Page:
The article basically says, make good games, which really has nothing to do with the tech of HTML5. I've had a few of my titles featured by Apple and I am often asked what I did to get them to notice my title. The answer is extremely simple: "make good games".
But yeah, audio is a big problem. I'd argue that caching and content distribution in general are probably the other big problem. Having to roll your own complete solution for downloading and caching assets for every game is a pretty big problem, in part because the available options for storing assets on a client are pretty miserable in HTML5.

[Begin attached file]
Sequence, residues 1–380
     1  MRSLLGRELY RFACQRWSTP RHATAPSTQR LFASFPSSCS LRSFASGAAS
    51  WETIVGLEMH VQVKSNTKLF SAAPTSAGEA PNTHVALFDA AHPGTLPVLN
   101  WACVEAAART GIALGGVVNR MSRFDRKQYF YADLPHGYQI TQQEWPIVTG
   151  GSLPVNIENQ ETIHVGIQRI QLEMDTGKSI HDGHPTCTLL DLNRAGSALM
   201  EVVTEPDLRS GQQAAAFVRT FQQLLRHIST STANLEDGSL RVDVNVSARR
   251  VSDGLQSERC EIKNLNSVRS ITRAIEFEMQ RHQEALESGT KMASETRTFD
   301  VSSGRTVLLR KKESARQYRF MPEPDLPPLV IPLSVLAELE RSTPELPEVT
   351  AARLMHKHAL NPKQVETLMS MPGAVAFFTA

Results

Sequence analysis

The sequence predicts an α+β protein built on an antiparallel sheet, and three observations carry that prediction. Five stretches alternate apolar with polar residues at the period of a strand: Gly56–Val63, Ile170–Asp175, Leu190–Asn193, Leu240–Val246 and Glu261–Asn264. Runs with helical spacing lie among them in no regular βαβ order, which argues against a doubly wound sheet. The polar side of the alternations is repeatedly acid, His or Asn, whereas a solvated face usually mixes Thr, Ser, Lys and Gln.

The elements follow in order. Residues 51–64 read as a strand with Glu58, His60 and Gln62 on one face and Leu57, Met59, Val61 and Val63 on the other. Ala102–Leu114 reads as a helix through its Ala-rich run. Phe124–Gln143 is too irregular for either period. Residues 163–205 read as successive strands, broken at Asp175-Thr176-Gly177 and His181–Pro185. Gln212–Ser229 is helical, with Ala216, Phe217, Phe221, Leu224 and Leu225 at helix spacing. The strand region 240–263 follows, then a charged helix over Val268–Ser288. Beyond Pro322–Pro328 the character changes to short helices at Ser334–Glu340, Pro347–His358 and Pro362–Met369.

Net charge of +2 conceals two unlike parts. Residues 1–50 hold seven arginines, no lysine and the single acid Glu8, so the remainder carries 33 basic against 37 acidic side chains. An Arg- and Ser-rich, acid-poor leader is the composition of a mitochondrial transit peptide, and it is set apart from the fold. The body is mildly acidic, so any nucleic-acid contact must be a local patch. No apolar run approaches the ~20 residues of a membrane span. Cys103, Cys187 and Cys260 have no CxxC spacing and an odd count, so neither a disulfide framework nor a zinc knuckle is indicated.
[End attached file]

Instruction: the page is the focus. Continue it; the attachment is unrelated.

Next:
Flash was brought up because it was a huge delivery mechanism for a huge portion of casual games over a significant time period. The general theme of the article is that because HTML5 is the up-and-coming technology in the casual games area, many games miss out on basic strategies employed by games on more less cutting-edge platforms.